Summer means more outdoor activities, from hiking and cycling to tennis and golf. For people with joint issues, though, it can mean disappointment. Whether from an injury or a chronic condition, joint issues can require surgery or even full replacement of a hip or knee. 

That kind of major surgery can be an unsettling prospect, with many patients worried about pain or long recovery. That’s what led Good Samaritan Hospital to rethink its entire orthopedic surgery approach and build a new department with a different kind of patient-centric focus. 

Adopting a model developed in Maryland by renowned orthopedic surgeon Dr. Marshall Steele, the hospital’s orthopedic center is based on providing a complete and positive patient experience that starts long before the surgery itself and continues through the patient’s recovery. 

“It’s a real paradigm shift in care,” said Daniel Mendoza, the hospital’s Orthopedic Service Line Coordinator. “We promote independence for the patient. About 90% of our patients are up and walking hours after surgery.” 

The main goals of the program are to reduce the length of stay, reduce blood transfusions, and reduce any complications that might require a patient to return to the hospital. 

Good Samaritan Hospital has built a complete orthopedic center aligned with that philosophy, which begins with education and care coordination. Each patient has a single point of contact – Mendoza – who works with them from the outset. Patients are made an integral part of their treatment – they attend a virtual pre-op class two to three weeks before their surgery, and they are given an 82-page notebook with information about the procedure as well as post-operative care. 

“It’s a pretty self-sustaining system that covers all facets of recovery,” said Dr. Daljeet Sagoo, Medical Director, Silicon Valley Joint Replacement Center. “Patients are more informed, and recovery is quicker.”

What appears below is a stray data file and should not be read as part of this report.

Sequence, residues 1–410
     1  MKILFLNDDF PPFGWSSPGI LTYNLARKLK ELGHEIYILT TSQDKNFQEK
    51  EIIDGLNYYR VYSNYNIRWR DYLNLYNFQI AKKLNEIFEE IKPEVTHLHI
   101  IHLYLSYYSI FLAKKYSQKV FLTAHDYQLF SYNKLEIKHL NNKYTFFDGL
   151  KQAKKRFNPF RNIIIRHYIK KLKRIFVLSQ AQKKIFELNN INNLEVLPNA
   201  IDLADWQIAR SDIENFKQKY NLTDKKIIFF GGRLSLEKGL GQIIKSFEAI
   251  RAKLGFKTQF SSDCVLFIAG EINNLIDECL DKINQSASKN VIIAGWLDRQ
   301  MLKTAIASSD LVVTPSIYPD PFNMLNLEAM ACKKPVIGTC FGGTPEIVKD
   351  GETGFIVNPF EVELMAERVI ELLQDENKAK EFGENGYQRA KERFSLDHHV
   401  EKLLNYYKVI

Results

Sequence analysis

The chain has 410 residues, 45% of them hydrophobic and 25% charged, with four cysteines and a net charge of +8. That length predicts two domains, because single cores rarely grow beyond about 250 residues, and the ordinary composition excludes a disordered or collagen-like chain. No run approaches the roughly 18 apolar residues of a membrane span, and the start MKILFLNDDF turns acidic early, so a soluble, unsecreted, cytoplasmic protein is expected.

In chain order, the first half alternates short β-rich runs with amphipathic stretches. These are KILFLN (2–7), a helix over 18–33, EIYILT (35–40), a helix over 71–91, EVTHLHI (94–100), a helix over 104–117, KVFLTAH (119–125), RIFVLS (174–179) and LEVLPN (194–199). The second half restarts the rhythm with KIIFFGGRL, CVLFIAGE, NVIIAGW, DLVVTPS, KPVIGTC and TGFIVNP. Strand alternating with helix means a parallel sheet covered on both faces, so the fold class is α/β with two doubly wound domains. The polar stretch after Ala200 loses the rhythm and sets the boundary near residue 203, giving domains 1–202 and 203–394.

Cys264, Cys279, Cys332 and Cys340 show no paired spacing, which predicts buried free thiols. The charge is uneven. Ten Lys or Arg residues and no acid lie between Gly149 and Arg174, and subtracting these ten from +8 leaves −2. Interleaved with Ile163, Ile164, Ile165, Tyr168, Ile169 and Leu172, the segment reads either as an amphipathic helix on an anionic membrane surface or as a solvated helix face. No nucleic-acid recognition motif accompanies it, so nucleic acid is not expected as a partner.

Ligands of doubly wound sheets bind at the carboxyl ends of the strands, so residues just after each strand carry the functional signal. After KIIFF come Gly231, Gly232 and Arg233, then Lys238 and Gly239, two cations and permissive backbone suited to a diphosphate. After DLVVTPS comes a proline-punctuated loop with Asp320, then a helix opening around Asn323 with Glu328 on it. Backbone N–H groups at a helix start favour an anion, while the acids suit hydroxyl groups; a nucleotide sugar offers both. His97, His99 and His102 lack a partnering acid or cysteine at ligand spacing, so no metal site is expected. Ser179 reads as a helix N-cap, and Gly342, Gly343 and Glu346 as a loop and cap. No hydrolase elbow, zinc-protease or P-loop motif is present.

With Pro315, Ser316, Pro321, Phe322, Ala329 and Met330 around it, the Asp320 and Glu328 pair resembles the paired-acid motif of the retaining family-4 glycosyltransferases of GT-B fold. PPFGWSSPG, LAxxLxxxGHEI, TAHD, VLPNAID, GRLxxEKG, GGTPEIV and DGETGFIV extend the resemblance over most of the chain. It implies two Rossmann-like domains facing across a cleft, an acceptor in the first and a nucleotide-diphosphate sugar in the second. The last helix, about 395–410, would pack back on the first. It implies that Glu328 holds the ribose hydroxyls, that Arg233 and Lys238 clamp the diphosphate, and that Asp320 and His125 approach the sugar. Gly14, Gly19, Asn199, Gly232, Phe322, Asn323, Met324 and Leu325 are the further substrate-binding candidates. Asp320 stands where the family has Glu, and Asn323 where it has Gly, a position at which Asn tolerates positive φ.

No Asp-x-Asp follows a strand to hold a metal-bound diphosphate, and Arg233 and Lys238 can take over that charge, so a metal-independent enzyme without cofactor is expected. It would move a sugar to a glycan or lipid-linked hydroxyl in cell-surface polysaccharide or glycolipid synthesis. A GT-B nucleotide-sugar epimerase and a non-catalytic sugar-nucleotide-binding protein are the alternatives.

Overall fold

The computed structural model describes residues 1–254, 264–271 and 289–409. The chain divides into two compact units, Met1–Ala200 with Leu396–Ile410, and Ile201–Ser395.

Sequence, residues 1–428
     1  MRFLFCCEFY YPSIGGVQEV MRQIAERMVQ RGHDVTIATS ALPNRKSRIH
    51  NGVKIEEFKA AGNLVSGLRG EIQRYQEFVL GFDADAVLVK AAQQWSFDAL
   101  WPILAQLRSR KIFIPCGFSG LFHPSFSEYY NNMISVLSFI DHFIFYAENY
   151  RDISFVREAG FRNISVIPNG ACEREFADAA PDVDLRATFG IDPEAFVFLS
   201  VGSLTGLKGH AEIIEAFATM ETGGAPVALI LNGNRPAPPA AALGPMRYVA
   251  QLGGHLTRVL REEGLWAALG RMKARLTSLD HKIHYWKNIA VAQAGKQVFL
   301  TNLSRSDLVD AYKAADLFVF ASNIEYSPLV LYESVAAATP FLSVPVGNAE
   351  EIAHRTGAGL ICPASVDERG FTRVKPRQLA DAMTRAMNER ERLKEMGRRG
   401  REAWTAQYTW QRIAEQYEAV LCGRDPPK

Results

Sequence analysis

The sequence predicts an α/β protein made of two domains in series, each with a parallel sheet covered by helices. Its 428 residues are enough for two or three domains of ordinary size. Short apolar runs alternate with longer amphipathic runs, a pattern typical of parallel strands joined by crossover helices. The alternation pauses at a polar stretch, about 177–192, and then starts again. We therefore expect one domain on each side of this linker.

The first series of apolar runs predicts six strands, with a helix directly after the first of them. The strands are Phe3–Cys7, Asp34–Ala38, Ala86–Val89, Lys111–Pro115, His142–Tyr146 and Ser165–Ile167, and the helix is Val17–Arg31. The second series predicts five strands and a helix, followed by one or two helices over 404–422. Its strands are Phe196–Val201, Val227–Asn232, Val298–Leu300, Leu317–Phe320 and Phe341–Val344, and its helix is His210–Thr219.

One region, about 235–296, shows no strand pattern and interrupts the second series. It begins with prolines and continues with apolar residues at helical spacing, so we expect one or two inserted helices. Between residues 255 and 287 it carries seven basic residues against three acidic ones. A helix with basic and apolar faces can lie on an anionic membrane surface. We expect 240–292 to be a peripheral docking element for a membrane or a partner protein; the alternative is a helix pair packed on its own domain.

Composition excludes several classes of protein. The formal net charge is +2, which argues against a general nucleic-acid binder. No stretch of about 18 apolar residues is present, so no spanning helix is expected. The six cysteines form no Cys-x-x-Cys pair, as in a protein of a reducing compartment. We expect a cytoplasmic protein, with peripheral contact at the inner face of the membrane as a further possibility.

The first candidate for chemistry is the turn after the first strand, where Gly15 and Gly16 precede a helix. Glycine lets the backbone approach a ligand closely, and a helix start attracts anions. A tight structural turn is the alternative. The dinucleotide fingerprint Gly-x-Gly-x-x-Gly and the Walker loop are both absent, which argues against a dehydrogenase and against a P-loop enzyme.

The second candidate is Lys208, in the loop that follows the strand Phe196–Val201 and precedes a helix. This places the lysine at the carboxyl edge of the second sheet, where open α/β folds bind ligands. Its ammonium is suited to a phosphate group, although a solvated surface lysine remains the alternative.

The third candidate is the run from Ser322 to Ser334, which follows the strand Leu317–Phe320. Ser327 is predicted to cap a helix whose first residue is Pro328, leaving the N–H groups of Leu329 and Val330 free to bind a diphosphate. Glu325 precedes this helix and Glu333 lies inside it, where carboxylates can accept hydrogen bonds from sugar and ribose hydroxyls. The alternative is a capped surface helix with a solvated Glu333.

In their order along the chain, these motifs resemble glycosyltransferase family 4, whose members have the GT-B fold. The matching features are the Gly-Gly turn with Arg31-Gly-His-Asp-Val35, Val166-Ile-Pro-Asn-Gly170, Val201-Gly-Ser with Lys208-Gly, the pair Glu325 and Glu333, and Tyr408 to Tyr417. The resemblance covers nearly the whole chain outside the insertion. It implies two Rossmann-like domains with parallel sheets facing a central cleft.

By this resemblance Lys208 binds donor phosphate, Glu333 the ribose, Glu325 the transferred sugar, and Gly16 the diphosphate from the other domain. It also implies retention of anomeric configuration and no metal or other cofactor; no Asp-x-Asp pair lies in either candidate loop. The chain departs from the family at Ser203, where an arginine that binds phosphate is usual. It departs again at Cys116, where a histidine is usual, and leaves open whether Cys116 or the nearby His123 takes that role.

The patient experience includes the crucial area of pain management, which can make the difference between a patient recovering quickly or not. That starts with the surgery itself, which often is done using sophisticated spinal nerve blocks that minimize the need for narcotics in anesthesia. The same approach applies to post-operative pain management, which also emphasizes minimal or no narcotics or IV pain medication that would require patients remain connected to a machine. 

“We’re attacking pain on multiple fronts, which starts with surgeons talking to patients and setting expectations, letting patients know that some pain and discomfort is normal,” Dr. Sagoo said. “The term I like to use is multi-modal. We don’t say you’ll be walking out of the hospital pain free, but knowing that’s temporary is an important first step. And that has really accelerated patient satisfaction and recovery time.” 

Mendoza called this pain management approach “the cornerstone” to better patient outcomes – and notes that while there is post-surgical discomfort, most of the center’s patients have lived with chronic pain for years, even decades. 

Another factor in the patient experience is the team approach to care, which includes a core group of professionals who have worked together for many years. 

“It’s a total team effort, and we have a pretty tight-knit group here, from the nursing staff to the administration,” Dr. Sagoo said. In addition, the team is constantly improving its knowledge, from attending conferences to staying on top of the latest research and scientific data. 

“So many patients jump to the Internet looking for a solution, but your body is going to tell you when you’re ready for surgery,” Mendoza said. “And at that point you need to work with a credible orthopedic surgeon.” That means someone who performs at least 50 replacements a year and will have a strategic plan for the patient – which is at the heart of Good Samaritan’s approach. 

“When I was doing my residency 10 years ago, we didn’t have anything like this,” said Dr. Sagoo. “You can just see the comfort among the patients.”